The Yorkshire Terrier is a small dog breed of terrier type, developed in the 19th century in the county of Yorkshire, England, to catch rats in clothing mills, also used for rat-baiting. The defining features of the breed are its maximum size of 7 pounds (3.2 kg) and its gray, black, and tan coat. The breed is nicknamed Yorkie and is placed in the Toy Terrier section of the Terrier Group by the Fédération Cynologique Internationale and in the Toy Group or Companion Group by other kennel clubs, although all agree that the breed is a terrier. A popular companion dog, the Yorkshire Terrier has also been part of the development of other breeds, such as the Australian Silky Terrier.
A newborn Yorkshire Terrier puppy is born black with tan points on the muzzle, above the eyes, around the legs and feet and toes, the inside of the ears, and the underside of the tail. Occasionally yorkies are born with a white "star" on the chest or on one or more toes. Also, a few Yorkies are born with a red tint in their coat, but that is only when the parents also have this trait. It is also common to find white patch on one or more nails. These markings fade with age, and are usually gone within a few months.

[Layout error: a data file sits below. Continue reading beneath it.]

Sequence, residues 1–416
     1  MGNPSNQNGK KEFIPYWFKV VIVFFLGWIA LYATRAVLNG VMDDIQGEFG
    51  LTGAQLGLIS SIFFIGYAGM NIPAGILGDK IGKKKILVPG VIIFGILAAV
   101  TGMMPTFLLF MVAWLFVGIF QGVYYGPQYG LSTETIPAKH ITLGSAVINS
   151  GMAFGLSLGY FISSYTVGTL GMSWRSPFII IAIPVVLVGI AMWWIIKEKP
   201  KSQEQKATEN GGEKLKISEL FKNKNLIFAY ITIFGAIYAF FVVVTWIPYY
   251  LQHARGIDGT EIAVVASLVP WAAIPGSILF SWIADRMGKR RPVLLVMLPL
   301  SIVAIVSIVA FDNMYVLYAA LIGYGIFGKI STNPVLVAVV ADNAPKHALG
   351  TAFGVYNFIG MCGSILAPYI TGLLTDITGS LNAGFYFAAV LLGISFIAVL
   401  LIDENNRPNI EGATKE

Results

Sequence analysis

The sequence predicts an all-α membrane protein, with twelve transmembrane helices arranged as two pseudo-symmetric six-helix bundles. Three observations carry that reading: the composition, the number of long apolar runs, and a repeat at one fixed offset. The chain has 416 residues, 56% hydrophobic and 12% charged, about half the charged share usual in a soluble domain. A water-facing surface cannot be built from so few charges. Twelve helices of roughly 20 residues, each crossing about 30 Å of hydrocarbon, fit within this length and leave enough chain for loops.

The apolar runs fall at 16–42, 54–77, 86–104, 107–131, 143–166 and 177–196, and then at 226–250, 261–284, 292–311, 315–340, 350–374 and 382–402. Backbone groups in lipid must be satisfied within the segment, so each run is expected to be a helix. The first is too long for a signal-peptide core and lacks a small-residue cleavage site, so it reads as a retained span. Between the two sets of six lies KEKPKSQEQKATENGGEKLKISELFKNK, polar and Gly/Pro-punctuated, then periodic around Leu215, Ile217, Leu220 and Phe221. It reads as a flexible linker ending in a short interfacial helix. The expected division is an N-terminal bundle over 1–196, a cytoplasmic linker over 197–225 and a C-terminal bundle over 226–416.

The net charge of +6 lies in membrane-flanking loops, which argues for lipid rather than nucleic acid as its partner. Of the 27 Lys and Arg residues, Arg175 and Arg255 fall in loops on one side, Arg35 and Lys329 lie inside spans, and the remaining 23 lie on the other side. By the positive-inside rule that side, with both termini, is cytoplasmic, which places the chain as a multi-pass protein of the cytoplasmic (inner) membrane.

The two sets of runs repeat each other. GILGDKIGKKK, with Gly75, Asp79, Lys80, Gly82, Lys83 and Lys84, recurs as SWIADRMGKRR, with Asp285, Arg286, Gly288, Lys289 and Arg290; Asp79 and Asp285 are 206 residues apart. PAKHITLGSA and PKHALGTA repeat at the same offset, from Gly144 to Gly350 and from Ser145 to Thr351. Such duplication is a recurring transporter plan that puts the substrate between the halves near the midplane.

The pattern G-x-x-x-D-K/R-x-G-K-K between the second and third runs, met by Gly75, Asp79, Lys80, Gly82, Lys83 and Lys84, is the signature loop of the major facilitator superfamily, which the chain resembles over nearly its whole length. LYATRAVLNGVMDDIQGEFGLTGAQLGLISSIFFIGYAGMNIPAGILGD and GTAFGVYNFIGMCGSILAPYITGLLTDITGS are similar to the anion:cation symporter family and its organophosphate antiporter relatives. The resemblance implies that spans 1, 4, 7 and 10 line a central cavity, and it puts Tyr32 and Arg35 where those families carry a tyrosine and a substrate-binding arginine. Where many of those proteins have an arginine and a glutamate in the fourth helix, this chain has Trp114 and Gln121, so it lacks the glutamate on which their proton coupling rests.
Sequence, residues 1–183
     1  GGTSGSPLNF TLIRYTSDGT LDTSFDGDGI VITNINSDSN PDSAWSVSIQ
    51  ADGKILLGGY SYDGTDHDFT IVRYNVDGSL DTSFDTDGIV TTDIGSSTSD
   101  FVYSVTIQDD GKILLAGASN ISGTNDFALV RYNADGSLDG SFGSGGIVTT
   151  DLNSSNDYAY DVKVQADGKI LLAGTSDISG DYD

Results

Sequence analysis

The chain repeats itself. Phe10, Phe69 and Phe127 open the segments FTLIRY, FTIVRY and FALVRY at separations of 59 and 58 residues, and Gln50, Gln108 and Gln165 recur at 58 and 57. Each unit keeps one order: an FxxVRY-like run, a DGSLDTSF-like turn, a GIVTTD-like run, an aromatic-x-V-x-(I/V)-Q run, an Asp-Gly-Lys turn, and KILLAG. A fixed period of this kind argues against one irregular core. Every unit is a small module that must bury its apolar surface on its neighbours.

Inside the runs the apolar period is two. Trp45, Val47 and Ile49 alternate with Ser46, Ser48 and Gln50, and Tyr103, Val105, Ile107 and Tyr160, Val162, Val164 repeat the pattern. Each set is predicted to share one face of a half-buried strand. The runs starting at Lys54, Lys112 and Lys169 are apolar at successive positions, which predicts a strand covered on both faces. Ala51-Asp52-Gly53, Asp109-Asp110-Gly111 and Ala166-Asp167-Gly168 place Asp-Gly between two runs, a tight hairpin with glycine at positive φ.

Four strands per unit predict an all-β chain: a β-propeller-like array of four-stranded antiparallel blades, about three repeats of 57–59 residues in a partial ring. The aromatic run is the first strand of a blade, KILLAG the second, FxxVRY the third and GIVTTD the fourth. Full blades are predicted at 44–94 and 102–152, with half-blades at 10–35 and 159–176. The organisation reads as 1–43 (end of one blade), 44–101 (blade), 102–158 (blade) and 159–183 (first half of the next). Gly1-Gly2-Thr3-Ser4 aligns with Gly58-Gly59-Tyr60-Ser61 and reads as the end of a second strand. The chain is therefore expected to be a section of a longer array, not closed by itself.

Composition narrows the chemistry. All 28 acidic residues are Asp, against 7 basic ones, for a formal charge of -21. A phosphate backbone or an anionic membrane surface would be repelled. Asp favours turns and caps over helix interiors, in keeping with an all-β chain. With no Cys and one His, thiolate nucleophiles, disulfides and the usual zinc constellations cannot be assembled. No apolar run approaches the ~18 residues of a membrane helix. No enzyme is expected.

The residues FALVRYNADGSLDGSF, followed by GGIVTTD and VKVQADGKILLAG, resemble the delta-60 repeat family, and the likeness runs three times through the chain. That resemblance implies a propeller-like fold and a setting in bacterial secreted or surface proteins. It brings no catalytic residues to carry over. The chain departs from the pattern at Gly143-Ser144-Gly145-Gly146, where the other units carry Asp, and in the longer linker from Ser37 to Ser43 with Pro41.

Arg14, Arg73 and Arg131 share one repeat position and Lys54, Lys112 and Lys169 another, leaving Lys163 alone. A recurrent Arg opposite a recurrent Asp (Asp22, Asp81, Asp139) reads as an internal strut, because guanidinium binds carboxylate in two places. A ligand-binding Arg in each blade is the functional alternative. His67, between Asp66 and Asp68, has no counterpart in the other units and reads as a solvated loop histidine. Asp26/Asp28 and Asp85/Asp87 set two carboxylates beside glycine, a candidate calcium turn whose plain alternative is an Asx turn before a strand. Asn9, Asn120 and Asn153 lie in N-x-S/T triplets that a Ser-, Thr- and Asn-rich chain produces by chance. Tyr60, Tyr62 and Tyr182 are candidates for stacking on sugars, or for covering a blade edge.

The Yorkshire Terrier originated in Yorkshire (and the adjoining Lancashire), a rugged region in northern England. In the mid-19th century, workers from Scotland came to Yorkshire in search of work and brought with them several different varieties of small terriers. Breeding of the Yorkshire Terrier was "principally accomplished by the people—mostly operatives in cotton and woolen mills—in the counties of Yorkshire and Lancashire." Details are scarce. Mrs. A. Foster is quoted as saying in 1886, "If we consider that the mill operatives who originated the breed...were nearly all ignorant men, unaccustomed to imparting information for public use, we may see some reason why reliable facts have not been easily attained."
The ideal Yorkshire Terrier character or "personality" is described with a "carriage very upright" and "conveying an important air." Though small, the Yorkshire Terrier is active, very overprotective, curious, and loves attention.